Article by 83 Degrees Medias' Caitlin Albritton
There’s more to see than just the Hillsborough River during your jaunt down the Tampa Riverwalk.
While you might see some kayaks, rowboats or electric boats floating on the river, you’ll find only one boat-as-public-sculpture greeting walkers at the entrance of NOVEL Riverwalk -- a developing apartment complex run by Crescent Communities, who commissioned this project. This 27-foot skeletal yacht frame, with bow sticking upright in the air proudly, has been dubbed "Charley'' by its creator Mark Aeling of MGA Sculpture Studio in St. Pete.
But who is Charley?
Charley Morgan of Morgan Yachts is a bit of a boat genius, having designed and built over 10,000 yachts through his lifetime; he’s 88 years old and has only just retired a few years back.
"I had met Charley through the St. Pete Artwalk, but I had heard his name before because he is very respected in the sailing community and internationally,'' Aeling says. "I was doing research on wooden boat hulls for this project and had a hunch Charley had more information. I found out he had worked on an amazing project 'Heritage' designed in the 1970s for the America's Cup [one of the biggest races in sailing]. It was an absolutely gorgeous boat.''
"Charley has an unbelievable breadth of experience, and I felt like the piece should be dedicated to his life’s work.''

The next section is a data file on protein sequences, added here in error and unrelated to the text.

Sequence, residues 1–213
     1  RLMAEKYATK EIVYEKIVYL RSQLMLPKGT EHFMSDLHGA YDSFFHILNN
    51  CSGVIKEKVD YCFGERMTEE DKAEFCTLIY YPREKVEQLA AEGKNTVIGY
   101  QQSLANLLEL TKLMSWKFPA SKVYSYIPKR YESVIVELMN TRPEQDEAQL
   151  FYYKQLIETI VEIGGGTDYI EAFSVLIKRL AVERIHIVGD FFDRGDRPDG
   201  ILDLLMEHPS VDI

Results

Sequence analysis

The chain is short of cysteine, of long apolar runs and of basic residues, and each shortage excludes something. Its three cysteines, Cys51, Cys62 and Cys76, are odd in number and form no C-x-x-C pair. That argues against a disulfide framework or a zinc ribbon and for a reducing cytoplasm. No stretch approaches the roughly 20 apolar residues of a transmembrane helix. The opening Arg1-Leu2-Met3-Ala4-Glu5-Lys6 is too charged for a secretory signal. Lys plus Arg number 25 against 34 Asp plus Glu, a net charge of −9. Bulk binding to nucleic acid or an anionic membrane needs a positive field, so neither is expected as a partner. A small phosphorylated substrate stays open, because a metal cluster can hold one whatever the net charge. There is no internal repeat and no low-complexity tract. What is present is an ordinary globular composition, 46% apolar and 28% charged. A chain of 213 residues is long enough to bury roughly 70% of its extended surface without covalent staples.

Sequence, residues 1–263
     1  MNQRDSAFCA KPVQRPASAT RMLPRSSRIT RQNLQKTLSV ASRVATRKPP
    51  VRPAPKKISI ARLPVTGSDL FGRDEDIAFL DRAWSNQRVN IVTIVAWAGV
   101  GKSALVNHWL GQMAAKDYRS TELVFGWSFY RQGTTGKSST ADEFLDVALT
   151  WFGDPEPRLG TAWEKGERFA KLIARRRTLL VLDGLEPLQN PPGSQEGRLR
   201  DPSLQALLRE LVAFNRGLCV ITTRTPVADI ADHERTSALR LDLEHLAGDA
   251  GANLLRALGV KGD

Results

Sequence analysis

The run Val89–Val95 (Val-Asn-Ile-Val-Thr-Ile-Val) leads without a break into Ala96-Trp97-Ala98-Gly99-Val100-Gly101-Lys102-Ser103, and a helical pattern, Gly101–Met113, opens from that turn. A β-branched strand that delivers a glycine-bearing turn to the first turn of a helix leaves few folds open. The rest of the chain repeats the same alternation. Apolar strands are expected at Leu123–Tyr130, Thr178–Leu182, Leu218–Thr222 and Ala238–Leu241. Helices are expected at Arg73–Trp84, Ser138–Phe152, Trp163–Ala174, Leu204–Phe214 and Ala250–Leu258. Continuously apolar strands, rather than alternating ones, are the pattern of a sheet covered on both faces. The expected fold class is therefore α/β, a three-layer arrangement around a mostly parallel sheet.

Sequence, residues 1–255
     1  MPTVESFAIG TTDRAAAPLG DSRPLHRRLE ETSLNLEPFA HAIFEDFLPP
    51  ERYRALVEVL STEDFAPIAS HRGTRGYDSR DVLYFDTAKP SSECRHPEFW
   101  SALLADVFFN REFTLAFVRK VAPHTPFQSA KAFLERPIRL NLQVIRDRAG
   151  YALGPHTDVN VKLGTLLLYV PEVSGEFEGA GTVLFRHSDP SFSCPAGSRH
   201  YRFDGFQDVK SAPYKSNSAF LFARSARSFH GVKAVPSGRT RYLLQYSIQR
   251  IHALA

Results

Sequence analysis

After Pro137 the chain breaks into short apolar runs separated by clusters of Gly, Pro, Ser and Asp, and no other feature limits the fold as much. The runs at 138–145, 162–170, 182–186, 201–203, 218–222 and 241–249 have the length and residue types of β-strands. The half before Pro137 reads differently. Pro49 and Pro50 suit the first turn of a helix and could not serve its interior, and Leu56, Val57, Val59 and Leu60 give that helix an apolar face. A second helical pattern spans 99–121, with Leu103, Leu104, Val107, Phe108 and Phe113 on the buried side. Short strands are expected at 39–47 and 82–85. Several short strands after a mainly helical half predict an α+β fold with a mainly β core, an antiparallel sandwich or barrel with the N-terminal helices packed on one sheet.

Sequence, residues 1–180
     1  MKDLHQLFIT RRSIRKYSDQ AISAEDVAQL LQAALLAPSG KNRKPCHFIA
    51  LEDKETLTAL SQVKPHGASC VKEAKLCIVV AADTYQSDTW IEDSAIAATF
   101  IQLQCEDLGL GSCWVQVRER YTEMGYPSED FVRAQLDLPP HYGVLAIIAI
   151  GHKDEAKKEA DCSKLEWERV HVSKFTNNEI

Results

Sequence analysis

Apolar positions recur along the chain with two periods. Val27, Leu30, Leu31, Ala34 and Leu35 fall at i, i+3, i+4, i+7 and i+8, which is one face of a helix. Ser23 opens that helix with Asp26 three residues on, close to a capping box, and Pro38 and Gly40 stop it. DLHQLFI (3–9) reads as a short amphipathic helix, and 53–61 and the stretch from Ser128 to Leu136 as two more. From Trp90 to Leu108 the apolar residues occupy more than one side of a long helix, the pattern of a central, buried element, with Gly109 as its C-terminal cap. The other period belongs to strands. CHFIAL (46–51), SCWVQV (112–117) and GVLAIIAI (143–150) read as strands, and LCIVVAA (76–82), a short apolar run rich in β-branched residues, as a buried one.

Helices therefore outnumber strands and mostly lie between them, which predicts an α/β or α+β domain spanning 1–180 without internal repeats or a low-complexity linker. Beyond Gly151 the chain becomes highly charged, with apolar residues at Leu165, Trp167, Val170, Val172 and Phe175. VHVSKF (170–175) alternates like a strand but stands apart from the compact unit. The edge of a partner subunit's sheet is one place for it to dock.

As a self-taught engineer, Charley has led an exciting life from an early age: When he was 17, he entered a boating race that went from St. Pete to Cuba. He had to have special permission to race because the boat that he built in his own backyard didn’t have a motor. This ended up launching his career in becoming a specialist in hull design.
"Charley even helped consult on the structural engineering of the sculpture itself because the aluminum needs to sustain hurricane winds,'' Aeling adds.
Using the famous racing yacht "Heritage'' as inspiration, it took 4 months from concept to completion before it was installed in late March across from the Tampa Bay Times building near The Straz. It has similar aesthetics as MGA Sculpture Studio’s “Budding Vortex” sculpture that was also commissioned by Crescent Communities back in 2016 at the entrance of one of their communities on North Lois Ave.; they both have a kinetic sculpture quality with their blade-like construction.
"When you repeat forms in space, it creates a visual resonance and makes you want to move around the piece, so it's kinetic in a way in that it makes you move yourself in relation to the piece,'' Aeling says. "We wanted to create traction to draw people in and relate to that notion of the Riverwalk.''